Friday, February 14 2014, 01:55 PM MST
Movie Review: Robocop
3.5 out of 5 Stars
Director: José Padilha
Starring: Joel Kinnaman, Gary Oldman, Michael Keaton
Genre: Sc-Fi, Action
Recommended To: Those looking for a Robocop film that sacrifices a share of its action and bloodshed in favor of sentimentality.
Synopsis: In order to build public support for their all-robotic police force OmniCorp turns injured cop Alex Murphy (Joel Kinnaman) into a half-man, half-robot police officer.
Review: In 1987 Paul Verhoeven (Total Recall, Basic Instinct) successfully conquered Hollywood with Robocop, a bombastic B-movie extravaganza about a half-man, half-robot police officer filled with political satire and gore galore. It wasn’t high art, but it certainly was a lot of fun (and Verhoeven’s audio commentary on the Criterion Collection DVD is brilliantly entertaining). Two sequels, two television shows, two animated series, comic books, video games and a theme park ride followed; a reboot of the series was inevitable. After years of delays, director changes and who knows how many script revisions the long-expected relaunch arrives courtesy of screenwriter Joshua Zetumer (Quantum of Solace) and director José Padilha (Elite Squad) and the results of their labor is undoubtedly going to divide fans and critics alike.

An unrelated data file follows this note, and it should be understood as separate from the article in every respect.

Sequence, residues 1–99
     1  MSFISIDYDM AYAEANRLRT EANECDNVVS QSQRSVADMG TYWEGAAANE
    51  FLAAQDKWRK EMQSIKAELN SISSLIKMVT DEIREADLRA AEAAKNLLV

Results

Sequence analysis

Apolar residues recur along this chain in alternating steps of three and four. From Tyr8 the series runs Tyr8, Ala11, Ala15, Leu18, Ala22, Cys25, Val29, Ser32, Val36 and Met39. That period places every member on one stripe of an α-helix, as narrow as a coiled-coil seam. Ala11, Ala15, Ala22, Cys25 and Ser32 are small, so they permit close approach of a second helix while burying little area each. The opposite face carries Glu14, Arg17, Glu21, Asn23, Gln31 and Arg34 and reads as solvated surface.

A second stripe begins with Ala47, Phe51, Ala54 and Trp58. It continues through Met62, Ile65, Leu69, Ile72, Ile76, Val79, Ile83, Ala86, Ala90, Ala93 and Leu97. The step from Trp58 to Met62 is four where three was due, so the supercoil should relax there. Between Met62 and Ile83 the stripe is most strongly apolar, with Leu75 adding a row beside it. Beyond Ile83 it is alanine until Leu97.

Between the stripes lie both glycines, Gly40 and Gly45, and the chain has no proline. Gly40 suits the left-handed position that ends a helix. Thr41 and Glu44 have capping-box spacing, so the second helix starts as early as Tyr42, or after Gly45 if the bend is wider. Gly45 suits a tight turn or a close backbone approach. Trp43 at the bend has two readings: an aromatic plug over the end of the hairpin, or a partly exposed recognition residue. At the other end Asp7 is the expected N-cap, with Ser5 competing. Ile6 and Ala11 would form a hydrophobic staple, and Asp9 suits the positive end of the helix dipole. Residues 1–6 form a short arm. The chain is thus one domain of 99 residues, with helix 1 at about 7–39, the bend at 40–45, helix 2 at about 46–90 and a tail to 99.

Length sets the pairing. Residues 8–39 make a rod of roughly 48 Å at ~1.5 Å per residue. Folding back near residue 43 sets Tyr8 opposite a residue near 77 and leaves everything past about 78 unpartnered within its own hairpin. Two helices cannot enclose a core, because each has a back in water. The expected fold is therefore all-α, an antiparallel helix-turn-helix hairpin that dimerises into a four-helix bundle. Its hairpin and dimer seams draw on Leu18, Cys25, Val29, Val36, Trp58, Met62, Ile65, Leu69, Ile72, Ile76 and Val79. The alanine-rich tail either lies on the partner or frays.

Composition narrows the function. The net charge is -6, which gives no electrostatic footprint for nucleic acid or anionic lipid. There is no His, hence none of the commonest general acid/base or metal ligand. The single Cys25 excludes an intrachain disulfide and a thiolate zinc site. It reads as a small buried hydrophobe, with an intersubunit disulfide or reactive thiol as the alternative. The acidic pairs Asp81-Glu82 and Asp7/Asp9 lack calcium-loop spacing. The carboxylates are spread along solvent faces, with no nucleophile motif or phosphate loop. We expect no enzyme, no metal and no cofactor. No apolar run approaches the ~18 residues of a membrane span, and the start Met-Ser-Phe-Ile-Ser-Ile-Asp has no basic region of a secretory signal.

Robocop was always a commentary on American culture. In Verhoeven’s film this is most evident in the various advertisements. In Padilha’s version it comes via Samuel L. Jackson’s performance as Pat Novak, a gun-happy news journalist. Whereas viewers could presumably look past the subtext in Verhoeven’s film, Padilha’s approach is more direct and impossible to ignore. However, the upfront politics isn’t the most dramatic change in the film. In Verhoeven’s version Alex Murphy’s family exists in flashbacks. In Padilha’s film Murphy’s wife and son are constantly in the spotlight. This gives the narrative a completely different feel. Lost is the gleeful energy with cartoon violence and in its place is a film striving to be intellectual while still giving the audience the expected action pieces and high body count. This smarter version of Robocop works to a degree, but like Murphy’s new black armor it just doesn’t feel quite right. It’s not that Robocop can’t be given a darker and more serious approach. The problem is that Jackson’s segments are pure satire, reflecting the tone of the original film, and the rest is straight-faced drama with a bit of mayhem thrown in. You can have it both ways, but making an action film that is both clever and heartfelt isn’t an easy task and Padilha’s Robocop can’t quite find the balance.
If you want a retread of Verhoeven’s vision there’s a good chance that you aren’t going to like what Padilha has done with the franchise. If you’re open minded or visiting the Robocop universe for the first time I suspect that you’ll have a good time. It’s not an instant classic, but it certainly works better than 2012’s Total Recall.
-Ryan Michael Painter